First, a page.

True Western hospitality shines at Cartwright’s Sonoran Ranch House, where we honor the spirit of Arizona’s ranching days. We aim to carry on the legacy of the settlers who came before us by sharing their stories and proudly bearing their name. The struggles and achievements of the Cartwright family helped build Cave Creek and the Phoenix area, and we respect them by serving only the finest foods and providing excellent service in a distinctive setting.
The interior was designed to recall the original ranch house built by Jackson (Manford) Cartwright in the early 1900s. His father, Redick “Red” Jasper Cartwright, a former Union soldier in the Civil War, brought the family west, braving a 2,000-mile wagon trip from Coles County, Illinois, to northern California – one of the longest such treks on record.
Five years after settling just south of the Oregon border, a bitter winter froze Red Cartwright’s cattle herd to the ground. He, his wife and 10 children spent three months migrating to Arizona, where they almost reached Prescott before their famished oxen and weak horses gave out. The U.S. Cavalry at Fort Whipple in Prescott came to their rescue.
Three years later, in 1877, the family moved to Phoenix and became farmers and ranchers around present-day Maryvale. Cartwright and his sons helped build the Grand Canal, and Red also built the first schoolhouse near 59th Avenue and Thomas Road. A school there still bears his name, and the area continues to be called the Cartwright District.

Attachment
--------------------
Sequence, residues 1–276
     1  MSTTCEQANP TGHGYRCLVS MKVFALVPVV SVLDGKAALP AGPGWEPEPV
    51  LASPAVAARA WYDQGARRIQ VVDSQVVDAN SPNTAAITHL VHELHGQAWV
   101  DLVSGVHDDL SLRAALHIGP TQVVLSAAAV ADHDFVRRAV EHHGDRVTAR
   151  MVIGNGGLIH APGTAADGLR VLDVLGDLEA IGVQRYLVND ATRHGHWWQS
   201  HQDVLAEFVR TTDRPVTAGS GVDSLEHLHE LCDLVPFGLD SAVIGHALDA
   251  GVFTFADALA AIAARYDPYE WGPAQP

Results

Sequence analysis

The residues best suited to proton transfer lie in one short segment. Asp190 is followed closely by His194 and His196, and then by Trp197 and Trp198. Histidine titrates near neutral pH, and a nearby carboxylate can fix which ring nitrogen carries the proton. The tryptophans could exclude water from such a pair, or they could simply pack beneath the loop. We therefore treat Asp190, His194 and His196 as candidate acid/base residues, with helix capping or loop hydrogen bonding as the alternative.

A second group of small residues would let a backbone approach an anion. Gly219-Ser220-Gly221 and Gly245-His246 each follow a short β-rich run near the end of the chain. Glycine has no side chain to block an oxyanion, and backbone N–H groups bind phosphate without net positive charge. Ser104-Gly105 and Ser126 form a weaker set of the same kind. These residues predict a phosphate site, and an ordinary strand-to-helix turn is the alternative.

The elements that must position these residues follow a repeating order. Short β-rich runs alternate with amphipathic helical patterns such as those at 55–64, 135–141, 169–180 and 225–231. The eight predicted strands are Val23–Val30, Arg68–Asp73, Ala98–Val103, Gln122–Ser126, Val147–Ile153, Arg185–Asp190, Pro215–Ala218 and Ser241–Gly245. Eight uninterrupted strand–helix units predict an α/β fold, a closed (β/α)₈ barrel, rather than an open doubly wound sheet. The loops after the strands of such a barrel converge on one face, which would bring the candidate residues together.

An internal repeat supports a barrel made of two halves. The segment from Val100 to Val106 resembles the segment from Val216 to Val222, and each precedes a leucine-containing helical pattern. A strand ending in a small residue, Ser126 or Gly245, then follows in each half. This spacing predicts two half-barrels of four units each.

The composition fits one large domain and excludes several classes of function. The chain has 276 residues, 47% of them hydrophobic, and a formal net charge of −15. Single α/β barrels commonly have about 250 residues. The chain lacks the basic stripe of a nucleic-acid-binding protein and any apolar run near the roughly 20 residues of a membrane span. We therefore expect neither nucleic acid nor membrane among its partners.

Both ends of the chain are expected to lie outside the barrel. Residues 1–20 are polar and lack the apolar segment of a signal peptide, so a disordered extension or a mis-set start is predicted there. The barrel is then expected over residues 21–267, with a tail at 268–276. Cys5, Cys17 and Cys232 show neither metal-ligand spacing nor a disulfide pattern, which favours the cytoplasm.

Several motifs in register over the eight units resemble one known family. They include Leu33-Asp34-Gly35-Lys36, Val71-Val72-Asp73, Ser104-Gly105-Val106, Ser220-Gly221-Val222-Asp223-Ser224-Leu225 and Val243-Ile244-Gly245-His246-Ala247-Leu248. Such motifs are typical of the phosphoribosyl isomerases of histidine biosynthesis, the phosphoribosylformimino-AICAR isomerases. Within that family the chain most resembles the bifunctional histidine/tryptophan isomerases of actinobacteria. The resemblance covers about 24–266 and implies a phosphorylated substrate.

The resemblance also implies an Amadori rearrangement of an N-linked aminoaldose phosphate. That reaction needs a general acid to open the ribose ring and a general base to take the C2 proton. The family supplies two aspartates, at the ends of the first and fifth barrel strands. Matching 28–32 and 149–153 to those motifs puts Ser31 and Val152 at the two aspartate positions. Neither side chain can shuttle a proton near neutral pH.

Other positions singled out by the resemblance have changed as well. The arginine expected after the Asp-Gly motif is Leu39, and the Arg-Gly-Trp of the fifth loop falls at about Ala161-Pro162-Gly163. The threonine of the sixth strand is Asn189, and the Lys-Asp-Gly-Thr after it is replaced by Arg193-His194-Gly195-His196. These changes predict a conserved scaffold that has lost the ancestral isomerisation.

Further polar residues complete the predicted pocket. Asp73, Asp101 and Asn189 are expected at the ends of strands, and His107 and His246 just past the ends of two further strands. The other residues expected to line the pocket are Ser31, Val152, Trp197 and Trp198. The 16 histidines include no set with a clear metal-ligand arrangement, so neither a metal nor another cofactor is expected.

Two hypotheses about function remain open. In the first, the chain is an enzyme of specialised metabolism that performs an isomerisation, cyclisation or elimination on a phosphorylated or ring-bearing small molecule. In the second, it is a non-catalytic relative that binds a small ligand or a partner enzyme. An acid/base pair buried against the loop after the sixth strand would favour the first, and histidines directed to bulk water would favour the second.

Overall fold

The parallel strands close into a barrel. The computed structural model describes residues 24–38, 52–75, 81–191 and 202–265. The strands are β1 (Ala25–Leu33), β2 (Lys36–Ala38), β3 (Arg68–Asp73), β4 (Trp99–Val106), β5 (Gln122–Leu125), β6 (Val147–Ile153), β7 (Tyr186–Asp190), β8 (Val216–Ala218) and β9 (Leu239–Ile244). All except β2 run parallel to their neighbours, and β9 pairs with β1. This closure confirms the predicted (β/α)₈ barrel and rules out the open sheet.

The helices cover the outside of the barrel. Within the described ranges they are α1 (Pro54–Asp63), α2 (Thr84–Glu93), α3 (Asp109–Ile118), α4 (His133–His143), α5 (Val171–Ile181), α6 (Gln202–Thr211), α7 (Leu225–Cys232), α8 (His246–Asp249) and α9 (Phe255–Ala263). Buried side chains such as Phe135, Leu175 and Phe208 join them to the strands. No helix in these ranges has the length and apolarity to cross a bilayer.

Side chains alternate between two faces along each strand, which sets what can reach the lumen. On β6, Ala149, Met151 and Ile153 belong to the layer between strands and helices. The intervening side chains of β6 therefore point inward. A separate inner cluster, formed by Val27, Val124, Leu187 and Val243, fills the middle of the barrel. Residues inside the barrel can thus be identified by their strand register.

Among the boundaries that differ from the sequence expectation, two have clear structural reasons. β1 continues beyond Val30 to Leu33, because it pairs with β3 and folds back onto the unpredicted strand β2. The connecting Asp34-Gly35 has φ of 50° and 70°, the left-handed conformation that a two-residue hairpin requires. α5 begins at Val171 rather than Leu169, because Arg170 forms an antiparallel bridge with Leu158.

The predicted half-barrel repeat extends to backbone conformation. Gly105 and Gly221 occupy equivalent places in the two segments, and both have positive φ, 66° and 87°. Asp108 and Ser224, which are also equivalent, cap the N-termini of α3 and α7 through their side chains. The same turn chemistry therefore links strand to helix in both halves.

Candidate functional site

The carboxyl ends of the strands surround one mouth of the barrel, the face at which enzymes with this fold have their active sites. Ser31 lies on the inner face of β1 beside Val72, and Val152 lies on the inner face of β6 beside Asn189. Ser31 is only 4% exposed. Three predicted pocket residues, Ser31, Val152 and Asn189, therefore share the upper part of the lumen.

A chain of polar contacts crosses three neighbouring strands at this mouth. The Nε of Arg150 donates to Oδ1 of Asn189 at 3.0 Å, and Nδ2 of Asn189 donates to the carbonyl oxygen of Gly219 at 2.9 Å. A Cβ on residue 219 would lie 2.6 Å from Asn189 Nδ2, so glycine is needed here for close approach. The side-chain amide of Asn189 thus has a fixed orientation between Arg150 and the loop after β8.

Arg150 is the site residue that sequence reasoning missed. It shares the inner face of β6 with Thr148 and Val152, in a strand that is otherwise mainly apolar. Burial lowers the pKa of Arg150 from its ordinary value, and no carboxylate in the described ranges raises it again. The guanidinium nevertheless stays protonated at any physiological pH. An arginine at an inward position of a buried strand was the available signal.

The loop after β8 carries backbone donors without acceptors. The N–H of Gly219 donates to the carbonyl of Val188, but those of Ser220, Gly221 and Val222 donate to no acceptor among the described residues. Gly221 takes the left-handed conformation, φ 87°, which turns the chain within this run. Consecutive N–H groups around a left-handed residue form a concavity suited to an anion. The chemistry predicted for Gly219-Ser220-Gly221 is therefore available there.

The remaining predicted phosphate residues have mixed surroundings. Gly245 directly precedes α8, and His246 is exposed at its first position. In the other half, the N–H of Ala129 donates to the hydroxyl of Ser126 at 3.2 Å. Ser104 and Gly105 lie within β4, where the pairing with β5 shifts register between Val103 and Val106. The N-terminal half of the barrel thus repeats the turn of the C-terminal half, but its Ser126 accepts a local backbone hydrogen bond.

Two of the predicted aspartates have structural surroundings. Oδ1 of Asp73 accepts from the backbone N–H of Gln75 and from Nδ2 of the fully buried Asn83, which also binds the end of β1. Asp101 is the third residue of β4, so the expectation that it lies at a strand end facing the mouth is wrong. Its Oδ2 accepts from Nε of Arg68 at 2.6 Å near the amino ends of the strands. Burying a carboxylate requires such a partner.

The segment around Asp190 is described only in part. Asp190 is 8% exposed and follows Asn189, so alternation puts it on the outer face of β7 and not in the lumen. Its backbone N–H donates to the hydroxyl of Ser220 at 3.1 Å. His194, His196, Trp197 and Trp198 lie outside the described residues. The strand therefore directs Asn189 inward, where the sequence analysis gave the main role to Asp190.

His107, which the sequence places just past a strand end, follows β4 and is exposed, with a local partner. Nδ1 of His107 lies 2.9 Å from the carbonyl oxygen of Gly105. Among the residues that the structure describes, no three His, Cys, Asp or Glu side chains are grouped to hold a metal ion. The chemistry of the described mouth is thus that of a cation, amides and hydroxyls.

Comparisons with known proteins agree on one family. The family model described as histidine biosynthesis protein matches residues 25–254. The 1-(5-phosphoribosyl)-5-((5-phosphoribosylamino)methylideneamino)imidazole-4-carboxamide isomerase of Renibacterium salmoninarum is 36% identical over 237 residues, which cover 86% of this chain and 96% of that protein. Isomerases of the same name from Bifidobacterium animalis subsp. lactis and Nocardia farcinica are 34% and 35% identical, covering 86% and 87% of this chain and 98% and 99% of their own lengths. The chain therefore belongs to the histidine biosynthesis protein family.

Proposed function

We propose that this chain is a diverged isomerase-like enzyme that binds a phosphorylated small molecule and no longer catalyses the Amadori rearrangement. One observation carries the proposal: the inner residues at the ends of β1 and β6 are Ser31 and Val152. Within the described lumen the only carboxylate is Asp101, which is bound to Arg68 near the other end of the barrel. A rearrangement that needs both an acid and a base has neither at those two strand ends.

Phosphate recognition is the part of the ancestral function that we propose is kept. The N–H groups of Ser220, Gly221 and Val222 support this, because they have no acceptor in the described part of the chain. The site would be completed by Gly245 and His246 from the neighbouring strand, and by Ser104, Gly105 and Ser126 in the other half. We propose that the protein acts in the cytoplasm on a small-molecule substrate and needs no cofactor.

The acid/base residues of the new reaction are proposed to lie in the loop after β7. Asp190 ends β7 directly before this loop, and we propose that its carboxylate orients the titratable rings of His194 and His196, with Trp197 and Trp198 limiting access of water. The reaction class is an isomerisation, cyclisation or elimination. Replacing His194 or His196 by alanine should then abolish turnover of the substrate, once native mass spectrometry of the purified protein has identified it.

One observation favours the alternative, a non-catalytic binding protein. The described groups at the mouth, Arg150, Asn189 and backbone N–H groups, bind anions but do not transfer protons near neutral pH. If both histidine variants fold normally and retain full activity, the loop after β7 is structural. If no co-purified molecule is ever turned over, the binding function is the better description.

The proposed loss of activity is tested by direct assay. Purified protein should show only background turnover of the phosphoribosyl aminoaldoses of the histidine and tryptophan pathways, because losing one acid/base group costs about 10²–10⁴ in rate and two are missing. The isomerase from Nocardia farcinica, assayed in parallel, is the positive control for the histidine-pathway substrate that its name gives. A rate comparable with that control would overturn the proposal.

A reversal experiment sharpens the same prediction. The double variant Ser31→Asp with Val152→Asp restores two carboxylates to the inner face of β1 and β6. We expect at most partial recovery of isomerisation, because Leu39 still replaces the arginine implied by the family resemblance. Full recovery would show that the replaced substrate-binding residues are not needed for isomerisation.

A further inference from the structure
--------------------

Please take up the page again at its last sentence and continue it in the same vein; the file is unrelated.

In 1887, Red Cartwright traded his land for 160 head of cattle and, after a conversation with an old miner friend at a Phoenix saloon, soon moved north to the head of Seven Springs in Cave Creek. Though there was plenty of grass and a year-round spring, no one wanted the land. But it was perfect for ranching. In 1902, Red’s son Manford built a home with his new wife, Beulah Green, and started a family. A graded road wouldn’t run to the Cartwright Ranch until 1928.
Eventually the Cartwright Ranch occupied 65,000 acres and herded 5,668 cows. Red and Manford Cartwright became charter members of the Cattle Growers Association. Manford’s beef was so prized that chewing gum magnate William Wrigley bought two carloads to take to his Wrigley Mansion on Catalina Island in California. Manford ranched until age 71, when a horse fell on him and the saddle horn penetrated his stomach.
He continued to run the business, but left the riding to his son, Jackson “Jack Jr.” Cartwright. He took the reins in 1938 and ran it until 1980, when he sold it to a Mesa family who continue to operate it. The ranch was in the family for more than a century.
Today, Cartwright’s Sonoran Ranch House owners Eric Flatt and John Malcolm yearn to share the story of these three generations, and named their fine dining venue – located just south of the ranch – after the family. Several descendants are honored to see their surname grace the building and are frequent guests of the restaurant.